Mitochondrial Structure-Function Correlation

Mitochondria contain two membranes, separated by a space.  Both are the typical "unit membrane" (railroad track) in structure.  Inside the space enclosed by the inner membrane is the matrix.  This appears moderately dense and one may find strands of DNA, ribosomes, or small granules in the matrix. The mitochondria are able to code for part of their proteins with these molecular tools. The above cartoon shows the diagram of the mitochondrial membranes and the enclosed compartments. Return to Menu

The food we eat is oxidized to produce high-energy electrons that are converted to stored energy. This energy is stored in high energy phosphate bonds in a molecule called adenosine triphosphate, or ATP. ATP is converted from adenosine diphosphate by adding the phosphate group with the high-energy bond. Various reactions in the cell can either use energy (whereby the ATP is converted back to ADP, releasing the high energy bond) or produce it (whereby the ATP is produced from ADP).

Mitochondria are the cells' power sources. They are distinct organelles with two membranes. Usually they are rod-shaped, however they can be round. The outer membrane limits the organelle. The inner membrane is thrown into folds or shelves that project inward. These are called "cristae mitochondriales". The above electron micrograph taken from Fawcett, A Textbook of Histology, Chapman and Hall, 12th edition, 1994, shows the organization of the two membranes.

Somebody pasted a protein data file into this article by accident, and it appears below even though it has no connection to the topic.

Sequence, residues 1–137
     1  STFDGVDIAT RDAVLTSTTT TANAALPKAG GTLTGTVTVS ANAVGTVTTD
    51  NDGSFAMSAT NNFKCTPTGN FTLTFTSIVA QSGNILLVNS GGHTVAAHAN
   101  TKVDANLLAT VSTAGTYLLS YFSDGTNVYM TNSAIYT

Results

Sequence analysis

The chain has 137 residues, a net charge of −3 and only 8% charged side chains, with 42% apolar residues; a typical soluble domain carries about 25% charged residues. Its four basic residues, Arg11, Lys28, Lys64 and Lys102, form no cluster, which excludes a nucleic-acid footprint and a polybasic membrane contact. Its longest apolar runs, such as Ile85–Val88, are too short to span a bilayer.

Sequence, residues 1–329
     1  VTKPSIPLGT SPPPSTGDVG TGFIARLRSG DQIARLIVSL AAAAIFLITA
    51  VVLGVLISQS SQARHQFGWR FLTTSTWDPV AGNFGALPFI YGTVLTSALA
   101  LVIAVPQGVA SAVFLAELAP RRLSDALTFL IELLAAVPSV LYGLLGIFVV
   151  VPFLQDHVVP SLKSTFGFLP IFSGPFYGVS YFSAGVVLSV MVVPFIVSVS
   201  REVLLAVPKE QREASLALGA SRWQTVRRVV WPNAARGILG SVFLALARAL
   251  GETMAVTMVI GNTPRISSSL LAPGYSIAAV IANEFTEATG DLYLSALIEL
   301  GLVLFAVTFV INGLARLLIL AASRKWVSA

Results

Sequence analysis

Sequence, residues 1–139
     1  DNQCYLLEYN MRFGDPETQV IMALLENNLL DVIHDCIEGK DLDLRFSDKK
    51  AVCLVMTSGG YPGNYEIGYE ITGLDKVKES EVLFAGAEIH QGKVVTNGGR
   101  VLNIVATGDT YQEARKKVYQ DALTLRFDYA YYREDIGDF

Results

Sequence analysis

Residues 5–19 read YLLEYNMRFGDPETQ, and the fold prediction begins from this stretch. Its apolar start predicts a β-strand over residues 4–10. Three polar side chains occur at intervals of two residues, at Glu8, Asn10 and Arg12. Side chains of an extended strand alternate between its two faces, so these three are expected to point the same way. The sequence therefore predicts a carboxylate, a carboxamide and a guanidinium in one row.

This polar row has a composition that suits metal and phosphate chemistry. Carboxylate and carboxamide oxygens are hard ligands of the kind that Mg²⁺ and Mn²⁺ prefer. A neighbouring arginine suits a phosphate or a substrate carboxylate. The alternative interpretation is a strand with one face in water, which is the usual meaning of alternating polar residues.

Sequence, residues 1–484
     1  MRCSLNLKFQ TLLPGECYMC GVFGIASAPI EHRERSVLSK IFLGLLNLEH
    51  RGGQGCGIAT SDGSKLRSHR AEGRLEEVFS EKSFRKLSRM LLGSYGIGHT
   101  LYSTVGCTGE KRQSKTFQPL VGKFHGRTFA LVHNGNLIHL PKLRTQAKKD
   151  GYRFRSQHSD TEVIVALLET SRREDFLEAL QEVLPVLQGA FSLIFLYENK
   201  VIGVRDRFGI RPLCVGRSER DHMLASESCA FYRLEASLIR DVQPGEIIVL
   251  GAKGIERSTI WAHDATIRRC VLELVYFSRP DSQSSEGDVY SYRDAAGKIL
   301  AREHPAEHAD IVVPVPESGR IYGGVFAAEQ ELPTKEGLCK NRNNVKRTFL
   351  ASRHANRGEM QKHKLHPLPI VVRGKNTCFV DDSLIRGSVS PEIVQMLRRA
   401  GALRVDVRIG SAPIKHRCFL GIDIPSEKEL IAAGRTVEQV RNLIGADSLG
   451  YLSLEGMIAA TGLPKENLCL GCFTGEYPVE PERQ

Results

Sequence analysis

For the discussion session, read the following pages in your text: pp 653-676 and 569-672. Alberts et al, Molecular Biology of the Cell, Garland Publishing, Third Edition, 1994

Steps from glycolysis to the electron transport chain. Why are mitochondria important?

Lets break down each of the steps so you can see how food turns into ATP energy packets and water.  The food we eat must first be converted to basic chemicals that the cell can use. Some of the best energy supplying foods contain sugars or carbohydrates ...bread, for example.  Using this as an example, the sugars are broken down by enzymes that split them into the simplest form of sugar which is called glucose.  Then, glucose enters the cell by special molecules in the membrane called “glucose transporters”. 

Once inside the cell, glucose is broken down to make ATP in two pathways.  The first pathway requires no oxygen and is called anaerobic metabolism.  This pathway is called glycolysis and it occurs in the cytoplasm outside the mitochondria.  During glycolysis, glucose is broken down into pyruvate. Other foods like fats can also be broken down for use as fuel (see following cartoon). Each reaction is designed to produce some hydrogen ions (electrons) that can be used to make energy packets (ATP).  However, only 4 ATP molecules can be made by one molecule of glucose run through this pathway.  That is why mitochondria and oxygen are so important.  We need to continue the breakdown process with the Kreb’s cycle inside the mitochondria  in order to get enough ATP to run all the cell functions.